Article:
Both moves signal the army is dictating Papua policy, says Sidney Jones, head of the Jakarta office of the International Crisis Group. A cycle of tit-for-tat violence may have begun: on Dec. 1, a Papuan mob stabbed to death an Indonesian soldier in apparent retaliation for the killing last month of at least 10 alleged members of the Free Papua Movement. Such incidents will make any crackdown more severe, says Jones: "The military see Papua as a threat to Indonesia's territorial integrity. They intend to crush the autonomy movement."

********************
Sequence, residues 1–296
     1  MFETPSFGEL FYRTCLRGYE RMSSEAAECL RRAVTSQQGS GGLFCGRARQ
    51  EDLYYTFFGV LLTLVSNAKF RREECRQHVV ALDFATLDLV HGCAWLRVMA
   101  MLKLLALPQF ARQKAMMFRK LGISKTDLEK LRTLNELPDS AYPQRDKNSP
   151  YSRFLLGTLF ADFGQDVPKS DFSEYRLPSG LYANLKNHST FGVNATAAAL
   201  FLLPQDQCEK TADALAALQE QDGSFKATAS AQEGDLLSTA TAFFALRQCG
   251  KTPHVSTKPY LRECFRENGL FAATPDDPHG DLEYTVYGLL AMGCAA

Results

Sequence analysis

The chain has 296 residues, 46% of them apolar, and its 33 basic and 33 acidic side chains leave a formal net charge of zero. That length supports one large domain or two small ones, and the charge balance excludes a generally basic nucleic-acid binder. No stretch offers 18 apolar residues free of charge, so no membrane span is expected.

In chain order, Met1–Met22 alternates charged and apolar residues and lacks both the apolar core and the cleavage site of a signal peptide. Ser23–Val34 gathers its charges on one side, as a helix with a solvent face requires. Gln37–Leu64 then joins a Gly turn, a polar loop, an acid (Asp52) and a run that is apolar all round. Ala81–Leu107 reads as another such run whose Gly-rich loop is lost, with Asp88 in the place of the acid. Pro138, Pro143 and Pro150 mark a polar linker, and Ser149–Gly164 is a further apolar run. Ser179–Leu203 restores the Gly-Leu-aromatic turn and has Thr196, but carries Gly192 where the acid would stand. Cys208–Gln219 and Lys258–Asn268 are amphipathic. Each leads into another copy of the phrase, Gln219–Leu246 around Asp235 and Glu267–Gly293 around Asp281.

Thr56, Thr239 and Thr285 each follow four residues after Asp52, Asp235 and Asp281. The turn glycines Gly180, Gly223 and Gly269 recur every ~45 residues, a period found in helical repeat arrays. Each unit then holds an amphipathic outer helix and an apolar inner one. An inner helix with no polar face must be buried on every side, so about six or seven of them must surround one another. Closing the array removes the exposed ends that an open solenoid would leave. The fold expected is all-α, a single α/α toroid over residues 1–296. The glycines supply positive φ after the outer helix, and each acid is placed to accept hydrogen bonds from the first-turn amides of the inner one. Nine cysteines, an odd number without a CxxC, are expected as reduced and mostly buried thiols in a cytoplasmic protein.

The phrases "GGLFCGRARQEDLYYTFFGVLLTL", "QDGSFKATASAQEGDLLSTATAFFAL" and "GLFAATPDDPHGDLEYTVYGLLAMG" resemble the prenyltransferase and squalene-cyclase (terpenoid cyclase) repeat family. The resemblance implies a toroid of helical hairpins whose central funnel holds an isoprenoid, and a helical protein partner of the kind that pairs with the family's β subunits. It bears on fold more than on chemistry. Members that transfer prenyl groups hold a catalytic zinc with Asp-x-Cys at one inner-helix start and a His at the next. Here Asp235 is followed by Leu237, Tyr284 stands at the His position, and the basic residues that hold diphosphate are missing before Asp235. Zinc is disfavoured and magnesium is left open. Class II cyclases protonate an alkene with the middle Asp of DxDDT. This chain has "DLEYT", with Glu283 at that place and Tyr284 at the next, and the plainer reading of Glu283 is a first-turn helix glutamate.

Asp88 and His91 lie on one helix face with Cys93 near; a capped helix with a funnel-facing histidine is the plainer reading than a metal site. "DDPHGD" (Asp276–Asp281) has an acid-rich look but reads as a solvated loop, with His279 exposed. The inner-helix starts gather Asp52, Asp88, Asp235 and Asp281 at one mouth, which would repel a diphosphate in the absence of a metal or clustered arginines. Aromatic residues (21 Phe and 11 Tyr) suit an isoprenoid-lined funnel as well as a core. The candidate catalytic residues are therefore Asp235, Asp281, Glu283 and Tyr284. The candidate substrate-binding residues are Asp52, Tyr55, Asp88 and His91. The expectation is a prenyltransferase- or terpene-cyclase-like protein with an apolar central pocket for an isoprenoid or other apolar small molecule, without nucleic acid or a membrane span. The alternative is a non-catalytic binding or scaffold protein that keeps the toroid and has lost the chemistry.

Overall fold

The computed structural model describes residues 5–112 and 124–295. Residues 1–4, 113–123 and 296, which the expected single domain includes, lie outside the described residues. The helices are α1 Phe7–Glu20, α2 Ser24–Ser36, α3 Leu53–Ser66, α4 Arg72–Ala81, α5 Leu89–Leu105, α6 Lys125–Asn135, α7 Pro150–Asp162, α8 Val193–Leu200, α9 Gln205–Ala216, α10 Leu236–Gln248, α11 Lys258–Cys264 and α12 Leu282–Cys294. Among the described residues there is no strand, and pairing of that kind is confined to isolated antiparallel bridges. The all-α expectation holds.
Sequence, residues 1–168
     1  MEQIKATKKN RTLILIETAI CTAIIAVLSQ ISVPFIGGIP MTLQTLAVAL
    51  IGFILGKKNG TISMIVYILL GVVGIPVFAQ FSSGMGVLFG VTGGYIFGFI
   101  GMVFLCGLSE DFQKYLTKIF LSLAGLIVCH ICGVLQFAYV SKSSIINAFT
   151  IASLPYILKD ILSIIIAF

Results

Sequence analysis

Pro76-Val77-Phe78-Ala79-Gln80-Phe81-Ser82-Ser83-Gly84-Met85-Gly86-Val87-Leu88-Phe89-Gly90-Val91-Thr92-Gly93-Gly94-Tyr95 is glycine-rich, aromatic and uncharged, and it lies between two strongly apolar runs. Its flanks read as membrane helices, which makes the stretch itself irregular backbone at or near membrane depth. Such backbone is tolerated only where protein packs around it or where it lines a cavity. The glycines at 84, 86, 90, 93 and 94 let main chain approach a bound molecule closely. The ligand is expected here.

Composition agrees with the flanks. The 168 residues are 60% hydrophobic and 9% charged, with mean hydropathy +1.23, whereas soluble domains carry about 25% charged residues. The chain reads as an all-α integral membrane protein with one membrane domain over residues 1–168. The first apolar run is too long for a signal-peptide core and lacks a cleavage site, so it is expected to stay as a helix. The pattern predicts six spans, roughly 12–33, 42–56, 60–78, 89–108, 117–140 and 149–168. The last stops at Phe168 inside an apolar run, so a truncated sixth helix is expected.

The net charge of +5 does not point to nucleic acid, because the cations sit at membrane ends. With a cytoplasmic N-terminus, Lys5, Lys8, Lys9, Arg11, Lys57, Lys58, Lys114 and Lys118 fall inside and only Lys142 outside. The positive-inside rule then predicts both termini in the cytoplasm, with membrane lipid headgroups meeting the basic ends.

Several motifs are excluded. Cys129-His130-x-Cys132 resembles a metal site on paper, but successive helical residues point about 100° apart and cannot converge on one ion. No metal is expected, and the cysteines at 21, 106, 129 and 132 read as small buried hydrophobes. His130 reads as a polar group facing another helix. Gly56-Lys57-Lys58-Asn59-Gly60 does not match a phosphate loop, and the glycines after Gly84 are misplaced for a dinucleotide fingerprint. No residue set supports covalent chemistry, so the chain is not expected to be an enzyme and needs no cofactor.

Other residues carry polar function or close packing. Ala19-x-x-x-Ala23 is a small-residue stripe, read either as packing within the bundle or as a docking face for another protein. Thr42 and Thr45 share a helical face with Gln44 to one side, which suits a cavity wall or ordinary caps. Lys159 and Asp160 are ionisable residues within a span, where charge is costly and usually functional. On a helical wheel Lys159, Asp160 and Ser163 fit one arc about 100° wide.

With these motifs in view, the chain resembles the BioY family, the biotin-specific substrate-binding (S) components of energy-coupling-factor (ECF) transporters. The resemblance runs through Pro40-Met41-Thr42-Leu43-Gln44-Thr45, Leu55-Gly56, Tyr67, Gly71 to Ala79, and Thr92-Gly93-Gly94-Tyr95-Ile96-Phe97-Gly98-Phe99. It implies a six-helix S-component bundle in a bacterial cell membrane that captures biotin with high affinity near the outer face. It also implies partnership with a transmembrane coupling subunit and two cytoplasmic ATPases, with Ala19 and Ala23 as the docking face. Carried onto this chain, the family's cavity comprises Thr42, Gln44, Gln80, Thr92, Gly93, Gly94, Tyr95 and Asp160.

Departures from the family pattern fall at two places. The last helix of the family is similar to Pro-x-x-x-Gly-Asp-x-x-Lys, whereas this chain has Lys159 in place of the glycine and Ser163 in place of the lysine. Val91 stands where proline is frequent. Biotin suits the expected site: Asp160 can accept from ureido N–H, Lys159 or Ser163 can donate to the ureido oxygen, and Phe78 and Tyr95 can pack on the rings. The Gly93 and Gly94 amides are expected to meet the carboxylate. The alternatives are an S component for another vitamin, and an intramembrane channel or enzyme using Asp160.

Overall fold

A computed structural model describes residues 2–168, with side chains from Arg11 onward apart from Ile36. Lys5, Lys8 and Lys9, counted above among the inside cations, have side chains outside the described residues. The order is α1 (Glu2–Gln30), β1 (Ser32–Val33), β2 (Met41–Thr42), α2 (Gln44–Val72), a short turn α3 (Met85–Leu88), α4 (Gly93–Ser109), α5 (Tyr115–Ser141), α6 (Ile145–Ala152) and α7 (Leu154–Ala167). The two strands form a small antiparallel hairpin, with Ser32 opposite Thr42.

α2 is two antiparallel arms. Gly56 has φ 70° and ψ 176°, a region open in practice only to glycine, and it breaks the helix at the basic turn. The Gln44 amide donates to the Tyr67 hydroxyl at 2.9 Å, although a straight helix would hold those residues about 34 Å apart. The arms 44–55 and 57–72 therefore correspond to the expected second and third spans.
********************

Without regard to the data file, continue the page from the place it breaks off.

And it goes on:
Shortly after the fall of Indonesia's authoritarian Suharto government in 1998, the country's remote, resource-rich Papua province seemed on the verge of gaining autonomy from Jakarta. But two ominous developments last week indicate that the resurgent Indonesian military may be about to bring the boot down hard on Papua's separatists, just as it did earlier this year in Aceh province. First came the appointment of Timbul Silaen as Papua's new police chiefthe same job he held in Dili during East Timor's 1999 bloody independence drive. Silaen is still wanted by Dili prosecutors for his alleged connections to militia that killed more than 1,000 independence supporters (he was acquitted of similar charges in Jakarta). Meanwhile, the most notorious of Dili's militia leaders, Eurico Guterres, is establishing a branch of his Red and White Defenders Front in Papua. Sentenced to 10 years in jail by a Jakarta court for his part in East Timor killings, Guterres is free on bail pending an appeal.